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Republic of the Philippines


SUPREME COURT
Manila
EN BANC
A.M. No. 1928 August 3, 1978
In the Matter of the IBP Membership Dues Delinquency of Atty. MARCIAL A. EDILION (IBP Administrative
Case No. MDD-1)
RESOLUTION

CASTRO, C.J.:
The respondent Marcial A. Edillon is a duly licensed practicing attorney in the Philippines.
On November 29, 1975, the Integrated Bar of the Philippines (IBP for short) Board of Governors unanimously
adopted Resolution No. 75-65 in Administrative Case No. MDD-1 (In the Matter of the Membership Dues
Delinquency of Atty. Marcial A. Edillon) recommending to the Court the removal of the name of the respondent
from its Roll of Attorneys for "stubborn refusal to pay his membership dues" to the IBP since the latter's
constitution notwithstanding due notice.
On January 21, 1976, the IBP, through its then President Liliano B. Neri, submitted the said resolution to the Court
for consideration and approval, pursuant to paragraph 2, Section 24, Article III of the By-Laws of the IBP, which
reads:
.... Should the delinquency further continue until the following June 29, the Board shall promptly
inquire into the cause or causes of the continued delinquency and take whatever action it shall deem
appropriate, including a recommendation to the Supreme Court for the removal of the delinquent
member's name from the Roll of Attorneys. Notice of the action taken shall be sent by registered mail
to the member and to the Secretary of the Chapter concerned.
On January 27, 1976, the Court required the respondent to comment on the resolution and letter adverted to
above; he submitted his comment on February 23, 1976, reiterating his refusal to pay the membership fees due
from him.
On March 2, 1976, the Court required the IBP President and the IBP Board of Governors to reply to Edillon's
comment: on March 24, 1976, they submitted a joint reply.
Thereafter, the case was set for hearing on June 3, 1976. After the hearing, the parties were required to submit
memoranda in amplification of their oral arguments. The matter was thenceforth submitted for resolution.
At the threshold, a painstaking scrutiny of the respondent's pleadings would show that the propriety and necessity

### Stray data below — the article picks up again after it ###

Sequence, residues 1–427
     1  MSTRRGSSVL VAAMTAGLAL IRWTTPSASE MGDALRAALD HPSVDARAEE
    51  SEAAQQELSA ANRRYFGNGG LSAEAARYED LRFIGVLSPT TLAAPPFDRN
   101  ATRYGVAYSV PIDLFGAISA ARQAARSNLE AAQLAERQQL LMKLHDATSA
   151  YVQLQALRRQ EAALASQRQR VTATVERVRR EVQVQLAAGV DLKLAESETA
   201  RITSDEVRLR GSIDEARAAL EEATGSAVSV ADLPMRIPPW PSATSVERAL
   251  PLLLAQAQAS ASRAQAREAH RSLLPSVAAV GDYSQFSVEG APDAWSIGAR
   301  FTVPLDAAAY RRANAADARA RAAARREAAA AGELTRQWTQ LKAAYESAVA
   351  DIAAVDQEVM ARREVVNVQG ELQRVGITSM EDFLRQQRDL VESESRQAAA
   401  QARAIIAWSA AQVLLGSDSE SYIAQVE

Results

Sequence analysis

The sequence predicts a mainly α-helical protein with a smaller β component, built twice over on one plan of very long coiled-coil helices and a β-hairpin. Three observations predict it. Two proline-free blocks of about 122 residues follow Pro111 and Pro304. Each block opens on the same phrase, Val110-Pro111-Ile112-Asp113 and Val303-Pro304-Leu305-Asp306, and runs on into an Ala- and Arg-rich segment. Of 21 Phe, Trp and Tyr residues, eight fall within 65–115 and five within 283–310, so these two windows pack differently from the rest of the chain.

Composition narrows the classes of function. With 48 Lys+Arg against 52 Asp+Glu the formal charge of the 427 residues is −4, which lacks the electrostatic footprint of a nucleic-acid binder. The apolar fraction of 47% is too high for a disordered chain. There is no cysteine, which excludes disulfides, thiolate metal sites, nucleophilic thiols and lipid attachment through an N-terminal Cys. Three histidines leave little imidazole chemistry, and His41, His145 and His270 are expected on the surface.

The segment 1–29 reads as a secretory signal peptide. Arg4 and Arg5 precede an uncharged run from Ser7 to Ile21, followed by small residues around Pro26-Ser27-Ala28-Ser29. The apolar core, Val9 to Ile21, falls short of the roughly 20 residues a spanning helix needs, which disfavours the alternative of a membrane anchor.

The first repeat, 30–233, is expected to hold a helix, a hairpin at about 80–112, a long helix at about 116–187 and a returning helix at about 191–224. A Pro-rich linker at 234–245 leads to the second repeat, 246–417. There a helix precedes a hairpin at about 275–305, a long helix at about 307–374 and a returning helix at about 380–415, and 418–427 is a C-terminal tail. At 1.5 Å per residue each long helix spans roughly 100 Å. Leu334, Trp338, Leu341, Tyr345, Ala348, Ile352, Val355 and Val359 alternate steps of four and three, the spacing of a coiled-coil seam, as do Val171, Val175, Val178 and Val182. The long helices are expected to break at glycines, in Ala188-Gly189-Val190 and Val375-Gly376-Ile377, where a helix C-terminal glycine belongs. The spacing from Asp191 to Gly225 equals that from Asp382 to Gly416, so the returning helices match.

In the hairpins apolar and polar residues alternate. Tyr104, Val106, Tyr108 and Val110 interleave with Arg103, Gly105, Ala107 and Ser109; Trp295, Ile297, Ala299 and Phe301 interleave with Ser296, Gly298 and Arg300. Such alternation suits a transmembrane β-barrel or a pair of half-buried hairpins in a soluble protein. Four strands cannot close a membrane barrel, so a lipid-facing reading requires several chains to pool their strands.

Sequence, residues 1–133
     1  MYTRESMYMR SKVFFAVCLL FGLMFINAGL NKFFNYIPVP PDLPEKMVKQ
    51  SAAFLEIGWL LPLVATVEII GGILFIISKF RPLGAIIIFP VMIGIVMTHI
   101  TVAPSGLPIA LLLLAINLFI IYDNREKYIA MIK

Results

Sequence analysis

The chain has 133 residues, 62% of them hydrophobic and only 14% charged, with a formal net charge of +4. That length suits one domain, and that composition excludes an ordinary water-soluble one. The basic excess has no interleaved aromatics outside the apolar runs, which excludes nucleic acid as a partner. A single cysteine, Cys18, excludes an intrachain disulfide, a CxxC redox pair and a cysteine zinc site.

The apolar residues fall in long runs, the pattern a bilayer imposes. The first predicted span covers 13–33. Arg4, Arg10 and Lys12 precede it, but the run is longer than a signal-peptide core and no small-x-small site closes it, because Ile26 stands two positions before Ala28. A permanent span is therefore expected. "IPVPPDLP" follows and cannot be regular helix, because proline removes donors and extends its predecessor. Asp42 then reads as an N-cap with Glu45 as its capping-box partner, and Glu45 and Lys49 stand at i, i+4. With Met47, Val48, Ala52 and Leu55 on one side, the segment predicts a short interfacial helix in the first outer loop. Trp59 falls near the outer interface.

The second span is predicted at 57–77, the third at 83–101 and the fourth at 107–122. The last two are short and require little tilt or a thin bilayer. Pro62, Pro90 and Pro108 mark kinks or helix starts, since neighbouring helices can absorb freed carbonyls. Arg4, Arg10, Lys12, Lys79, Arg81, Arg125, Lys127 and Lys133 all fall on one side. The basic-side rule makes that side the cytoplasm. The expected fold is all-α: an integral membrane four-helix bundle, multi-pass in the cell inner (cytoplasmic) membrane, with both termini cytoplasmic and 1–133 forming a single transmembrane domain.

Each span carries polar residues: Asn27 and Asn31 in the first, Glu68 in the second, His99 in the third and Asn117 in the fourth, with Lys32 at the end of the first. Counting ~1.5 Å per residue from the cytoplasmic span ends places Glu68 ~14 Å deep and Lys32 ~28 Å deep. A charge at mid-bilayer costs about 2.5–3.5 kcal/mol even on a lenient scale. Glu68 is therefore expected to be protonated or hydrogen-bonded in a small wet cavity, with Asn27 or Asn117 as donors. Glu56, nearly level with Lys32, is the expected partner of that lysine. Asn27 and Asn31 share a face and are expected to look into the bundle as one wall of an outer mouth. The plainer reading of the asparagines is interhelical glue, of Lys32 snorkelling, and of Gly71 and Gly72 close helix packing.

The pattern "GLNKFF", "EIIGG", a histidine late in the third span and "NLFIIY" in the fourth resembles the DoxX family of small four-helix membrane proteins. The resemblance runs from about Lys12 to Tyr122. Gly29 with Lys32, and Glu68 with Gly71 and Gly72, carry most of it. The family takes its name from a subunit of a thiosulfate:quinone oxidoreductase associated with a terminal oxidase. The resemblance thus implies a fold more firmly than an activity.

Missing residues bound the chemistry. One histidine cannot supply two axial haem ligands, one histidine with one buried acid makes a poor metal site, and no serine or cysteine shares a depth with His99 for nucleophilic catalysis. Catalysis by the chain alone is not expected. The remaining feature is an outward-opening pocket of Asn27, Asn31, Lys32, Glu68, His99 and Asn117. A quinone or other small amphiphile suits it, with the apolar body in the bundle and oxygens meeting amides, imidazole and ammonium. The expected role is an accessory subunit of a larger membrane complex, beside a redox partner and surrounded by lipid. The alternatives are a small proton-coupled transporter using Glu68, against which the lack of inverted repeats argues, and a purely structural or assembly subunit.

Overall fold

of the integration of the Bar of the Philippines are in essence conceded. The respondent, however, objects to
particular features of Rule of Court 139-A (hereinafter referred to as the Court Rule) 1 in accordance with which
the Bar of the Philippines was integrated and to the provisions of par. 2, Section 24, Article III, of the IBP By-Laws
(hereinabove cited).

The authority of the IBP Board of Governors to recommend to the Supreme Court the removal of a delinquent
member's name from the Roll of Attorneys is found in par. 2 Section 24, Article Ill of the IBP By-Laws (supra),
whereas the authority of the Court to issue the order applied for is found in Section 10 of the Court Rule, which
reads:

reads:
SEC. 10. Effect of non-payment of dues. Subject to the provisions of Section 12 of this Rule,
default in the payment of annual dues for six months shall warrant suspension of membership in the
Integrated Bar, and default in such payment for one year shall be a ground for the removal of the
name of the delinquent member from the Roll of Attorneys.
The all-encompassing, all-inclusive scope of membership in the IBP is stated in these words of the Court Rule:
SECTION 1. Organization. There is hereby organized an official national body to be known as the
'Integrated Bar of the Philippines,' composed of all persons whose names now appear or may
hereafter be included in the Roll of Attorneys of the Supreme Court.
The obligation to pay membership dues is couched in the following words of the Court Rule:
SEC. 9. Membership dues. Every member of the Integrated Bar shall pay such annual dues as the
Board of Governors shall determine with the approval of the Supreme Court. ...
The core of the respondent's arguments is that the above provisions constitute an invasion of his constitutional
rights in the sense that he is being compelled, as a pre-condition to maintaining his status as a lawyer in good
standing, to be a member of the IBP and to pay the corresponding dues, and that as a consequence of this
compelled financial support of the said organization to which he is admittedly personally antagonistic, he is being
deprived of the rights to liberty and property guaranteed to him by the Constitution. Hence, the respondent
concludes, the above provisions of the Court Rule and of the IBP By-Laws are void and of no legal force and